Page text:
‘Don’t Make This About Me’: State Rep Snaps At CNN Host Pushing Back Against New Ten Commandments Law


Nicole Silverio Media Reporter
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Republican Louisiana state Rep. Lauren Ventrella snapped at CNN host Boris Sanchez’s pushback against the mandate requiring the display of the Ten Commandments in public schools.

Louisiana became the first state to require the display of the Ten Commandments following the signing of legislation regarding the matter into law Wednesday by Republican Gov. Jeff Landry. The mandate led organizations such as the American Civil Liberties Union (ACLU) to raise legal battles by arguing the state law is a First Amendment violation.

Sanchez and the state representative sparred over the mandate as the CNN host argued the U.S. Constitution is a secular document. Ventrella argued faith, along with the Ten Commandments, are a significant historical component to the founding of the U.S.

“Sure, but do you also recognize that the Constitution of this country, its founding document, doesn’t include the word God or Jesus or Christianity and that’s for a reason and that’s because the founding fathers founded this country as a secular one,” Sanchez said. “You don’t see that?”

“Boris, I bet you CNN pays you a lot of money. I bet you got a lot of dollar bills in that wallet,” Ventrella hit back.

“What does this have to do with the network that I work for or what I’m getting paid?” Sanchez asked. “Don’t make this about that, answer that question. Why did the founding fathers not include God in the Constitution if they wanted this country to be the way that you see it?”

“Let me finish my statement,” she replied.

“Answer the question and don’t make this about me,” Sanchez snapped back.

“In God We Trust. We’ll make it about me. I’ve got a dollar bill in my wallet. In God We Trust is written on that dollar. It is not forcing anybody to believe one viewpoint, it’s merely posting a historical reference on the wall for students to read and interpret it if they choose,” she argued.

Ventrella pushed back against critics who say the mandate will interfere with the beliefs of Jewish and Muslim students, arguing it is a historical document that influence the U.S. legal system. Sanchez said the Ten Commandments go beyond being a historical document by pushing specific religious beliefs. (RELATED: Joy Behar Suggests Religious People Who Vote For Trump Are Not Actually Christian)

“I don’t agree with you this is a random, historical document. This is —” Ventrella said.

“I didn’t say it was random,” Sanchez interrupted. “But there are others —”

“This is a very valuable document. Look, this nation has gotten out of hand with crime, with the bad, negative things that are going on. Why is it so preposterous that we would want our students to have the option to have some good principles instilled in them? If they don’t hear it at home, let them read it in the classroom,” she said. “Which is different than the Mayflower Compact which is mentioned in the document as well. I don’t understand why this is so preposterous in that litigation is being threatened. It doesn’t scare us in the state of Louisiana, we say bring it on.”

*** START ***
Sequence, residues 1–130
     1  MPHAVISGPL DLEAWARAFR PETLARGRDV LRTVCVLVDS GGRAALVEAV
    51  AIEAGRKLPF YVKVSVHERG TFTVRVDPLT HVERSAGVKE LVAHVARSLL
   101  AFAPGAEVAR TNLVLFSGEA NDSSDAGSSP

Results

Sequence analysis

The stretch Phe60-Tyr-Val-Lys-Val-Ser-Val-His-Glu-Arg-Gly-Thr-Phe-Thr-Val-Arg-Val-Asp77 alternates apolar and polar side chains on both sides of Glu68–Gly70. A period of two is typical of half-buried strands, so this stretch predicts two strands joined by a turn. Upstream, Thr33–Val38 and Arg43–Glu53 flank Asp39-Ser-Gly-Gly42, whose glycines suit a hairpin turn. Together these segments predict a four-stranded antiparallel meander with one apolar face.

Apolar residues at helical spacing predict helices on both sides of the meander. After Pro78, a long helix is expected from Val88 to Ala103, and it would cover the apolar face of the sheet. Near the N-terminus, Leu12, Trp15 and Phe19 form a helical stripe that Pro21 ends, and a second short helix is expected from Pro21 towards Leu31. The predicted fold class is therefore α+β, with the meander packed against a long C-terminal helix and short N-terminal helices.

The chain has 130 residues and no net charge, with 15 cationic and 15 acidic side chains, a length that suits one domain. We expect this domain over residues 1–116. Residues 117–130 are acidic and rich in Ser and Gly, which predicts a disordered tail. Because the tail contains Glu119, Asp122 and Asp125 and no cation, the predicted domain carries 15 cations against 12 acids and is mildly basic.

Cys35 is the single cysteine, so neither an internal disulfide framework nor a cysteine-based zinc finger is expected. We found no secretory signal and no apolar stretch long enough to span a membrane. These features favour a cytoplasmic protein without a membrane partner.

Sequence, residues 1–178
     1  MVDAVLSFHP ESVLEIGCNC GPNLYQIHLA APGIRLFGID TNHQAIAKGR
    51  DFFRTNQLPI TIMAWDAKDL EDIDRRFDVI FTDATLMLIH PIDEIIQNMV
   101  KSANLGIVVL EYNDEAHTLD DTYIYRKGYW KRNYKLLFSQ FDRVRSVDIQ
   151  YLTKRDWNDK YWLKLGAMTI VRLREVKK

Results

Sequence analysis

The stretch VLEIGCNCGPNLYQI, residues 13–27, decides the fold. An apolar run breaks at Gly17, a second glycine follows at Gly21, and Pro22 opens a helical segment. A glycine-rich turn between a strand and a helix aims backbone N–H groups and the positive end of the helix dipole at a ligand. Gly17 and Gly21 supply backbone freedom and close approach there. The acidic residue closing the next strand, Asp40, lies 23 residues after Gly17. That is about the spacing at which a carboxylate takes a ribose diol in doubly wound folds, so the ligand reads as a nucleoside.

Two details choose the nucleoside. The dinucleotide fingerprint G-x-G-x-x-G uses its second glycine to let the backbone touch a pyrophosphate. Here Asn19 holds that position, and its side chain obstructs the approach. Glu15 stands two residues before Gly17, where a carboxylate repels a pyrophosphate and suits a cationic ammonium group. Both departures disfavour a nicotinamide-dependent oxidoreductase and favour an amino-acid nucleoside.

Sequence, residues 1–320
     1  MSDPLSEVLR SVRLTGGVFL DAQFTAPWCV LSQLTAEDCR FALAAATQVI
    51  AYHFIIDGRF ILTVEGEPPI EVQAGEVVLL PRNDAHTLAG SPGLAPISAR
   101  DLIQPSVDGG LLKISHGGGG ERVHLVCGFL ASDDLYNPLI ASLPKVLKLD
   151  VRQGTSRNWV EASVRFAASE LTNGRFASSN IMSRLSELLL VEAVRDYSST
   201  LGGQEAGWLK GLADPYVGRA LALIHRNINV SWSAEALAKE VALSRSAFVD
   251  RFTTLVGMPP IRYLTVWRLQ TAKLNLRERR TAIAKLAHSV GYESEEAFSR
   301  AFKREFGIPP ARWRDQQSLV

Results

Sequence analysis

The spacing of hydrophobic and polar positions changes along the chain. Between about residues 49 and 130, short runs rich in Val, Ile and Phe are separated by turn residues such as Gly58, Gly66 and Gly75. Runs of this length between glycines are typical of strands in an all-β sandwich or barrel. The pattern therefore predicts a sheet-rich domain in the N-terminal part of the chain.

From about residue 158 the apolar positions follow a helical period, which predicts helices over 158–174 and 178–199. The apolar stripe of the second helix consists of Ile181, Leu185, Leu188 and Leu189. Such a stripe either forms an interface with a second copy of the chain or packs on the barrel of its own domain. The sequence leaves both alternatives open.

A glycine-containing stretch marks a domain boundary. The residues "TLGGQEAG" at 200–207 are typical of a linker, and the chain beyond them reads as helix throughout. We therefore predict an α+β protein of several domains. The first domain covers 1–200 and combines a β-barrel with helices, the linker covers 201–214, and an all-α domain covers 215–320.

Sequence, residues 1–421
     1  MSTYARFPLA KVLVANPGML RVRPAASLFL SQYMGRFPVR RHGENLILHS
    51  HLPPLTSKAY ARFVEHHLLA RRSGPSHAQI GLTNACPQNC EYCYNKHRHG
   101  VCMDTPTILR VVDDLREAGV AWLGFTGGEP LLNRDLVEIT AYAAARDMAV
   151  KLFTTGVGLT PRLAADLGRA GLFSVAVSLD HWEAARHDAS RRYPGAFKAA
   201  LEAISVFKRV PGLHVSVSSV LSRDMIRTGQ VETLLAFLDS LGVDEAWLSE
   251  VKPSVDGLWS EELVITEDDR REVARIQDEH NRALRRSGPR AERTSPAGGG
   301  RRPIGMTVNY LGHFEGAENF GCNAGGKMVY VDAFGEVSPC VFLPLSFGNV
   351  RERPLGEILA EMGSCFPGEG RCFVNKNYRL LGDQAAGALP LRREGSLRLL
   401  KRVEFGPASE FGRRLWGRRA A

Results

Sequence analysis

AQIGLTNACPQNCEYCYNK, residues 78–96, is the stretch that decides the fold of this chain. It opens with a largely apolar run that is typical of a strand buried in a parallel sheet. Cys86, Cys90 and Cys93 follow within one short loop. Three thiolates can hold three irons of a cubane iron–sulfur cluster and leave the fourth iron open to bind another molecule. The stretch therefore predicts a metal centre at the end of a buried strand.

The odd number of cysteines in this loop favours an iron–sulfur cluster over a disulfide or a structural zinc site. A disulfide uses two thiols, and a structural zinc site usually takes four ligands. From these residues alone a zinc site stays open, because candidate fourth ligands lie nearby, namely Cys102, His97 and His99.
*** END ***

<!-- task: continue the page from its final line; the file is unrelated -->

“Because if someone has a home in which they choose to believe something different, which is welcome in this country. It’s literally why people fled to come here to found this country to begin with. Then they should be allowed to. And it’s not really an option if you’re requiring it to be put up in the wall of the classroom,” Sanchez said.

Ventrella advised students, parents and teachers who do not share the “religious views” of the Ten Commandments to simply not look at it.

The CNN host compared the display of the Ten Commandments to hanging up the Five Pillars of Islam in public school classrooms.

“This is not about the Five Pillars of Islam. This bill specifically states the Ten Commandments. It is a historical document —” she began.

“Sure, but I’m presenting you with a hypothetical that would help you put yourself in the shoes of someone you may not understand and their point of view,” he interjected. “How would you feel if you walked into a classroom and something you didn’t believe in was required to be on the wall? You can answer that question.” (RELATED: Watch CNN Host’s Face When GOP Rep Makes Comment About ‘Slave Labor’)

“I appreciate you, Boris. I cannot sit here and gather and fathom … you could give me a thousand hypotheticals. But again, this specific bill applies to this specific text. The Quran, or Islam, that is a very broad statement. We’re specifically talking about a limited text, on mind you, a piece of paper that’s not much bigger than a legal sheet of paper. Some kids might even need a magnifying glass to read all of this. This is not so preposterous that we’re somehow sanctioning and forcing religion down people’s throats. I’ve heard the comments and it’s just ridiculous,” Ventrella answered.

The Ten Commandments are displayed in the U.S. Supreme Court, many courthouses and public locations across the U.S. The Supreme Court ruled in favor of preserving a granite monument inscribing the Ten Commandments in an Austin, Texas, public park in the case Van Orden v. Perry, finding it to have “a mixed but primarily nonreligious purpose,” according to the Anti-Defamation League.

The court struck down a Kentucky law requiring the display of the Ten Commandments in classrooms in 1980, arguing the text is “plainly religious in nature,” according to the Anti-Defamation League.